[quo]*Quote from * Alan-LaCala
A simple way to get áéíóú is to hold Alt Gr and type the vowel.
I wasn't even sure what Alt Gr referred to, so I googled it and found the following from Microsoft: "The ALT GR key is on the right side of the keyboard on some non-U.S. keyboard layouts." So those of us with US keyboards are probably out of luck when it comes to Alt Gr. However, there are lots of alternatives available to us. For more info, see the website I referred to in an earlier message:
I now use the ALT+4 method (described there) so often that I don't even have to think about it when I want to type español or sé or any other words containing Spanish characters.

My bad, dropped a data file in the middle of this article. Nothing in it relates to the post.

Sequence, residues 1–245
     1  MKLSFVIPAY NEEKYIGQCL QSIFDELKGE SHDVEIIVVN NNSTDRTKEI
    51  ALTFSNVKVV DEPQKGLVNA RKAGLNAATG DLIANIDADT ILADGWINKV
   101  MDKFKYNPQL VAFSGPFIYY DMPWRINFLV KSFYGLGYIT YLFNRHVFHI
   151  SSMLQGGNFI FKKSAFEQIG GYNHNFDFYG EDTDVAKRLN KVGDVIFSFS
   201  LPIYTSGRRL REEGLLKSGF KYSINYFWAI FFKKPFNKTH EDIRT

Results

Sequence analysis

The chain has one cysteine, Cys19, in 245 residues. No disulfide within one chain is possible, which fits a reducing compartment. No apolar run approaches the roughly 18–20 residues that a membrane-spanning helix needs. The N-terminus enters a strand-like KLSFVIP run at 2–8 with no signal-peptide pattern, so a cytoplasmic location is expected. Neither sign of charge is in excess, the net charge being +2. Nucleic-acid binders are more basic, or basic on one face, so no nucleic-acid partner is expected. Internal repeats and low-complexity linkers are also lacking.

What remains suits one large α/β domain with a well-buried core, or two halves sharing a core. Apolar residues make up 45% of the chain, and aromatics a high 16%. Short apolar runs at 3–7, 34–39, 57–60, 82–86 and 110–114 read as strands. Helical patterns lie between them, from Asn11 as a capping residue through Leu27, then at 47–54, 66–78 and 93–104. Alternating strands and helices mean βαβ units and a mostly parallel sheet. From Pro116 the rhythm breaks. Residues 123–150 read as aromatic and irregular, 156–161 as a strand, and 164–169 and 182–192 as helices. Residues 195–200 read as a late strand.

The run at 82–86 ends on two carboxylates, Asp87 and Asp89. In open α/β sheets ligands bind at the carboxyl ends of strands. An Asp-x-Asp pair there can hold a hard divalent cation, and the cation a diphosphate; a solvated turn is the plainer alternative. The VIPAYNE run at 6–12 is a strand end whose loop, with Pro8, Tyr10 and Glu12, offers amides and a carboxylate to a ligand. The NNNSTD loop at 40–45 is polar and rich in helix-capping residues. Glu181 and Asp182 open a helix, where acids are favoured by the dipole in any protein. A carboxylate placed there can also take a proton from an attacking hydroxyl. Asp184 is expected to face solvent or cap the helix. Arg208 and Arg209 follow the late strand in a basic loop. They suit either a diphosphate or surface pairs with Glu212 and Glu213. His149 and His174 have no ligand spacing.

I've also learned recently about a piece of free software that I probably would use if I weren't so accustomed to ALT+4. It's called *AllChars* and can be found at *__http://allchars.zwolnet.com/introduction.html__*. It works very well. For example, to type é using AllChars, all you have to do is hit the CTL key and then 'e, either together or sequentially. It's even easier than ALT+4. I didn't switch to AllChars on my desktop mostly because I can use ALT+4 on any computer, not just on a computer that has AllChars installed. However, I plan to install it on my laptop, since using ALT+4 on a laptop is a little more complicated than on a desktop. If you haven't already found a method you like, give AllChars a try. It's free; if you don't like it, you can just remove it.